Prime Fly Fishing spots in Ohio
Similar to other states that border Great Lakes, Ohio has some world class fishing that may get overlooked. On top of Lake Erie, there is also over 5,000 lakes and 60 rivers to choose from. Giving anglers plenty of opportunities to not just catch fish but to catch a wide array.
From bass to trout to steelhead, Ohio is loaded with fishable water and plenty of fish to go around to anglers.
So, below we’re going to cover some of the spots you should visit on your next fly-fishing trip to Ohio.
The Mad River is no longer a secret. It’s known across Ohio and the bordering states that this has some superb trout fishing. Located in the western side of the state and flowing into the Great Miami River in Dayton. This is the largest cold-water fishery in the state and since it is spring fed it allows for trout fishing year-round.
There’s a nice population of native brook trout in the river as well some brown trout. The fish appear to be very healthy and have a solid repopulation every year.
The river can fluctuate based on how much has fallen so be careful before you head out to wade the river. Also, the river is normally very clear, so stealth is important when fishing here. As well as light tippet and smaller flies.
The Mad River has a plethora of different access points. The best access points in the best trout water are going to be north of Springfield to Bellefountaine. Check out the Pimtown and Farm Market access points.
The river is pretty wadable but during lower water points you can wade long stretches of it. Essentially wading a full day on the river. Again, patience is going to be key but this is some of the best trout water in the state of Ohio.
- Blue Winged Olive
- Trico Nymph
- Green Sedge
- Black Stonefly
- Bead Head Scud
Clear Fork Branch of Mohican River
The Clear Fork is another spring fed river that allowed for year-round trout fishing. These spring fed rivers can be great for anglers but also frustrating just because there’s not many of them, so they get pressured constantly. The good news is that the Clear Fork Branch has plenty of room for anglers to fish.
There is plenty of pocket water and undercut banks for both rainbow and brown trout to hide in. You’ll also find good populations of bass, crappie, bluegill, carp and saugeye. On top of this you’ll also see Muskie. These are much tougher to catch than trout but hang on if you do because you might be in for a ride.
A 5-weight rod will be ideal for fishing this river since it will allow you to throw just about whatever fly you need and will have enough backbone to it in case you hook into a larger trout. If you plan on bass fishing, then something larger like a 6-7 weight will be ideal.
Try fishing the bridges near Butler-Belville. You can park there and hop into the water to wade fish. Be aware of some of the private land that borders this section. You can also check out the water near the Wade and Gatton Nursery.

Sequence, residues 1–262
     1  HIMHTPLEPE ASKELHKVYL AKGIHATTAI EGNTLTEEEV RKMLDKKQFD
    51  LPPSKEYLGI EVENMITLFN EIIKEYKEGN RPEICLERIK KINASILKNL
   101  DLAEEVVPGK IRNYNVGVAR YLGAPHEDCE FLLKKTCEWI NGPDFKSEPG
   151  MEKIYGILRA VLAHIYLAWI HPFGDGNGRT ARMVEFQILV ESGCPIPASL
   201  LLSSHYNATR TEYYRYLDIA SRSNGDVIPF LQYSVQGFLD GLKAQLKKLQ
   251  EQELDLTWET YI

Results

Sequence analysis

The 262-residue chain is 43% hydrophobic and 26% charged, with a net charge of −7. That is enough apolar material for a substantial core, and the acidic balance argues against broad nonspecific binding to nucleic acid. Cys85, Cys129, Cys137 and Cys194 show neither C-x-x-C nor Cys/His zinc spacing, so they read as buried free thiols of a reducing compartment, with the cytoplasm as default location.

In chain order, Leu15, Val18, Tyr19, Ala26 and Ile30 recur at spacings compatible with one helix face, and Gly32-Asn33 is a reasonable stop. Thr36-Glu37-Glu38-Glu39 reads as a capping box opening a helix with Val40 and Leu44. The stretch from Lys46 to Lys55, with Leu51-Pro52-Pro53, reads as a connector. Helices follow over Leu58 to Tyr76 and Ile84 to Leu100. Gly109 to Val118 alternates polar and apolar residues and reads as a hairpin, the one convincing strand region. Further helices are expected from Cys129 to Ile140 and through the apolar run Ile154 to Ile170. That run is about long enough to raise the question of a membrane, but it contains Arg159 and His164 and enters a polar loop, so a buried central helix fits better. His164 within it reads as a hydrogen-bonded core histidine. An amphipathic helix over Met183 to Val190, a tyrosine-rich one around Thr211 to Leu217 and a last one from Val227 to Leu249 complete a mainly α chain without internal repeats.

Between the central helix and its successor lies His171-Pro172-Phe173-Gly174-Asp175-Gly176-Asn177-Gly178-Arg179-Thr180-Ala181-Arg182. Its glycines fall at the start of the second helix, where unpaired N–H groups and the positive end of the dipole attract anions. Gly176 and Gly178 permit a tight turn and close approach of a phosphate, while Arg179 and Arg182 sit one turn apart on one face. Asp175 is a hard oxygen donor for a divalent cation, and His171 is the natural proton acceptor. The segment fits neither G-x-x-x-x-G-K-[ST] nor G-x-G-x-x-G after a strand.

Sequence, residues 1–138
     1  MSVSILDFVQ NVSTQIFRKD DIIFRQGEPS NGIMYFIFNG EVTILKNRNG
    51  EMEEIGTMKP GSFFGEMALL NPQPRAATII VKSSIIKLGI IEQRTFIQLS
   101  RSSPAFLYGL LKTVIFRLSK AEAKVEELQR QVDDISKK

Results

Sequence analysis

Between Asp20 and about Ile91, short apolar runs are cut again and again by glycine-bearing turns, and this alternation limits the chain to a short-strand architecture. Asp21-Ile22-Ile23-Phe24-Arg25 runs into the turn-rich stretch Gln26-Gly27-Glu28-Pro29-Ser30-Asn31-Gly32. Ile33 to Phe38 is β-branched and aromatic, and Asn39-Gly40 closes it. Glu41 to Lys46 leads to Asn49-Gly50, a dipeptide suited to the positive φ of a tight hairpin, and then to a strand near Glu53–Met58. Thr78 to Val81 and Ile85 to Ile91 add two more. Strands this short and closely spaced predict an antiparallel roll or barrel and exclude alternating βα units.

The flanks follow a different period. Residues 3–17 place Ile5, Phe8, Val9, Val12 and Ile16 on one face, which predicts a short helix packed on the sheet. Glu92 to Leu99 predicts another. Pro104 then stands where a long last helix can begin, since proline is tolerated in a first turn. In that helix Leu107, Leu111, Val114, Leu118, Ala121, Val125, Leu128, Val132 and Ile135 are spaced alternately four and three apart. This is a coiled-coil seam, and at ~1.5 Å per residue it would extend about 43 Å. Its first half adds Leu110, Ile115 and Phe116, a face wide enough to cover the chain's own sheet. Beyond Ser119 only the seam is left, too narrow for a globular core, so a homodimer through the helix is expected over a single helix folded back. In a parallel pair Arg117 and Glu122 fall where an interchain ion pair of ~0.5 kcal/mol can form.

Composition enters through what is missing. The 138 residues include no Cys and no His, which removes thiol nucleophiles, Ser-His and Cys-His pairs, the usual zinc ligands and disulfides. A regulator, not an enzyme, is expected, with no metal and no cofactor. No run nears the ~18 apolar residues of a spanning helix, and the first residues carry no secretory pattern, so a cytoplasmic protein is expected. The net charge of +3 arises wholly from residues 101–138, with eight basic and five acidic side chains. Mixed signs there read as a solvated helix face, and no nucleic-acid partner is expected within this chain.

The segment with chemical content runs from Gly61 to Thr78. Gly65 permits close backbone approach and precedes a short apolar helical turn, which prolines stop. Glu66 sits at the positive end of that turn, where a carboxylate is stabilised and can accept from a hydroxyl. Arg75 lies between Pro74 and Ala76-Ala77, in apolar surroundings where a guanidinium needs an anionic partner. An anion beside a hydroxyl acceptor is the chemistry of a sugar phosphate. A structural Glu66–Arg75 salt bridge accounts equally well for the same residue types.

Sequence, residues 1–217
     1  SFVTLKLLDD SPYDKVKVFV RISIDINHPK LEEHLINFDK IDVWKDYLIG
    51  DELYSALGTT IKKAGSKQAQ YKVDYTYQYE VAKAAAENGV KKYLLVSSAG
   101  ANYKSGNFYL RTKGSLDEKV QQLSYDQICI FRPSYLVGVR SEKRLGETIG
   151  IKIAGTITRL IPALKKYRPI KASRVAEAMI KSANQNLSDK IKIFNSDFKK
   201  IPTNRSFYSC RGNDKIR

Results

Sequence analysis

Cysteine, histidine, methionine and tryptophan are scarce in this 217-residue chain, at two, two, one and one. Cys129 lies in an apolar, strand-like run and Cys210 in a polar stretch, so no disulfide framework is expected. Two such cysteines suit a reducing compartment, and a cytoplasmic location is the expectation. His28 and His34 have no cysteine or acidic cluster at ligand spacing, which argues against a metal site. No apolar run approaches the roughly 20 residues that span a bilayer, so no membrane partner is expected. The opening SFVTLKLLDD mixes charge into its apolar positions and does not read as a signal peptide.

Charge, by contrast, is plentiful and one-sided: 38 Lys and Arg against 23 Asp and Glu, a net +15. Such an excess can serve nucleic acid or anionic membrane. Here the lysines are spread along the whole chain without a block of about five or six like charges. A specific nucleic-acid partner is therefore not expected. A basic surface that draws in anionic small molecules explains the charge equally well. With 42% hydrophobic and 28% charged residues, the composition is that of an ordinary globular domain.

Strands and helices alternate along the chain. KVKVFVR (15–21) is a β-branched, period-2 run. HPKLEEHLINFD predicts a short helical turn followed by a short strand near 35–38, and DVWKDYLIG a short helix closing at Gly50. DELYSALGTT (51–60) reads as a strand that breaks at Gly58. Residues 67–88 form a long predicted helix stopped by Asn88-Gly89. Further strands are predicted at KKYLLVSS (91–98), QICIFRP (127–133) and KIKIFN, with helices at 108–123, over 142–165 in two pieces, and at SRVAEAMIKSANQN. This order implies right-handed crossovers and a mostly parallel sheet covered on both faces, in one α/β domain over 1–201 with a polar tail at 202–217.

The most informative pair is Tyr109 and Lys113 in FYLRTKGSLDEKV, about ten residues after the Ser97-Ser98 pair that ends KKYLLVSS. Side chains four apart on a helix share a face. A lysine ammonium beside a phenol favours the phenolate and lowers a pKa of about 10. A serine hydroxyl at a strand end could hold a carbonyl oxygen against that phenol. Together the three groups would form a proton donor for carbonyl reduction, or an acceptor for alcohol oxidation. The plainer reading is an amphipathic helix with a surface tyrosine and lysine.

- Blue Winged Olive
- Black Caddis
- Wooly Bugger
Little Miami River
The Little Miami is known for its great populations of smallmouth bass. Smallmouth fishing can be a great way to give the trout a rest during heat waves in the summer. Smallmouth are known for putting up a fierce fight when hooked and for exploding on flies.
You either float or wade the river. Floating will be a great way to cove more eater effectively, but wading can help you really work sections of this river and will allow you to learn where the fish like to hang out and what prey they’re going after.
The river is 111 miles long and has plenty of access points. Giving you the option to float for only a few hours to a few days. Morgan’s canoe launch and the area at Morrow are both great places to drop in a canoe, kayak or to fish from the launch. State route 725 also has plenty of access points on it. You’ll want to look six miles north of Waynesville.
Since the Little Miami is a warm water habitat, you’ll want to stick with a 6-8 weight rod and you’ll want to come stocked with your bass flies. Keep an eye on the water to see if the fish are targeting the surface.
- Boogle Bug
- Wooly Bugger
If you want some truly great Lake Erie fishing, then check out the Ashtabula. It flows into Lake Erie. The steelhead spawn occurs in the spring, and you don’t want to miss it. There aren’t many steelhead spawns in Ohio so during this time you’ll want to take advantage of it.
The remainder of the year the river will have trout in it. Ideally your best times to fish it will be in winter, fall and spring.
You’ll want to use a smaller set up for trout than you would for steelhead. A 4-5 weight will be ideal for targeting the rainbow and brown trout. Where a 6-7 weight will be needed if you plan on going after the much larger and stronger steelhead.
There are three different parks that you can access the river from. The first is by the lake and is called Walnut Beach Breakwall. Beneath that is Cedar Quist Park and beneath that is Indian Trail Park. Indian trail park is the longest public access section that you can fish.
- Egg Patterns
- Hex Nymph
- Small Streamers
- Pheasant Tail
Ohio is full of Great fishing and allows anglers to target multiple species in all different types of water. From steelhead to trout to smallmouth bass. Ohio is full of wonderful fishing. So, check out the bodies of water mentioned above the next time you go on a fly fishing trip to Ohio.